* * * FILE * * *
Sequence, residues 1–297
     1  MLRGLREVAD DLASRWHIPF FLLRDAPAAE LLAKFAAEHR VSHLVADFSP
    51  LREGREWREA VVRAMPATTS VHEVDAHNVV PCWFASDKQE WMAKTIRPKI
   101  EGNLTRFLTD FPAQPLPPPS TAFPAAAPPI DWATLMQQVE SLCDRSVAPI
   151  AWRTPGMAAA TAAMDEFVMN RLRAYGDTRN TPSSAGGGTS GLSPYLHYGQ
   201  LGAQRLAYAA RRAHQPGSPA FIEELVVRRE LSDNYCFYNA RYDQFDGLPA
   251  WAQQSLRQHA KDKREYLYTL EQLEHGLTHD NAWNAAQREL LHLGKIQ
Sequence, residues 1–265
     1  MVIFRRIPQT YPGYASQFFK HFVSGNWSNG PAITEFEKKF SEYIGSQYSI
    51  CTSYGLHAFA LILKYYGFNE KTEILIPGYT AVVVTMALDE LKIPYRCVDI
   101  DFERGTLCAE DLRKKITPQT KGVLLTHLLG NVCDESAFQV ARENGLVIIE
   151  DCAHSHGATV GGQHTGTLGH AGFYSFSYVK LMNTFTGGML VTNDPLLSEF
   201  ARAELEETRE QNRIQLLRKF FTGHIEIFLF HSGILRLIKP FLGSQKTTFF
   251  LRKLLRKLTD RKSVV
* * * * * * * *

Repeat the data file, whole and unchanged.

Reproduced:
Sequence, residues 1–297
     1  MLRGLREVAD DLASRWHIPF FLLRDAPAAE LLAKFAAEHR VSHLVADFSP
    51  LREGREWREA VVRAMPATTS VHEVDAHNVV PCWFASDKQE WMAKTIRPKI
   101  EGNLTRFLTD FPAQPLPPPS TAFPAAAPPI DWATLMQQVE SLCDRSVAPI
   151  AWRTPGMAAA TAAMDEFVMN RLRAYGDTRN TPSSAGGGTS GLSPYLHYGQ
   201  LGAQRLAYAA RRAHQPGSPA FIEELVVRRE LSDNYCFYNA RYDQFDGLPA
   251  WAQQSLRQHA KDKREYLYTL EQLEHGLTHD NAWNAAQREL LHLGKIQ
Sequence, residues 1–265
     1  MVIFRRIPQT YPGYASQFFK HFVSGNWSNG PAITEFEKKF SEYIGSQYSI
    51  CTSYGLHAFA LILKYYGFNE KTEILIPGYT AVVVTMALDE LKIPYRCVDI
   101  DFERGTLCAE DLRKKITPQT KGVLLTHLLG NVCDESAFQV ARENGLVIIE
   151  DCAHSHGATV GGQHTGTLGH AGFYSFSYVK LMNTFTGGML VTNDPLLSEF
   201  ARAELEETRE QNRIQLLRKF FTGHIEIFLF HSGILRLIKP FLGSQKTTFF
   251  LRKLLRKLTD RKSVV